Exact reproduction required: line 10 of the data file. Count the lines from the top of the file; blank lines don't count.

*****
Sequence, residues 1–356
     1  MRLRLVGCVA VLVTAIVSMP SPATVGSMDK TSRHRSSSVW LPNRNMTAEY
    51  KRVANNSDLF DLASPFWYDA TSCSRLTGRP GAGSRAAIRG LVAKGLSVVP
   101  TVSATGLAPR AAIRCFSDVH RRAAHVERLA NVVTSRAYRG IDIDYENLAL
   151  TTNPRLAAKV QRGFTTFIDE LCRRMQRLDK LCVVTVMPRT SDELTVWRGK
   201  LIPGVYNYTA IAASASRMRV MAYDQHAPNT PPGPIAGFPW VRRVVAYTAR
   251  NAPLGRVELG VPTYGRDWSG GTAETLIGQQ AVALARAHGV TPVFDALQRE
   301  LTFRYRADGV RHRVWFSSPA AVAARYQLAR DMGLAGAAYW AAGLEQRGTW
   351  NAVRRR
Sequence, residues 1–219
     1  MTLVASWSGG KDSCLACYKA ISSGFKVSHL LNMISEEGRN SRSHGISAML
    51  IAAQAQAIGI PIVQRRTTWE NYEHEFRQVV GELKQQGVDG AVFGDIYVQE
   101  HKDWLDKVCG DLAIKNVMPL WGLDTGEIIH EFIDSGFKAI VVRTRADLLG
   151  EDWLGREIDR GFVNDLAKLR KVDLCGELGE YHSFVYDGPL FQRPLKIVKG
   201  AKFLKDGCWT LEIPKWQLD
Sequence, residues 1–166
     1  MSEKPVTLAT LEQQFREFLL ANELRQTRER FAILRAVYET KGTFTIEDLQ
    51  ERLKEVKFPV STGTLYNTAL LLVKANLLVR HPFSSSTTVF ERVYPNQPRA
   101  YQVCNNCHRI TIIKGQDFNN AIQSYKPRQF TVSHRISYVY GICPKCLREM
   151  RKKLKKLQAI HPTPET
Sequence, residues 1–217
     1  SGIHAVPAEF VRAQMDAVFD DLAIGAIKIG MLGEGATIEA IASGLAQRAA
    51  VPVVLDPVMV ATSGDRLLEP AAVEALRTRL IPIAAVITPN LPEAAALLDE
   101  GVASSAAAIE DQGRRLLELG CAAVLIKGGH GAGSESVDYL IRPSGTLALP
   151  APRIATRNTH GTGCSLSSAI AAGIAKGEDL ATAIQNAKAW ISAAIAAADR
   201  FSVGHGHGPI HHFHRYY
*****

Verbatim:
Sequence, residues 1–219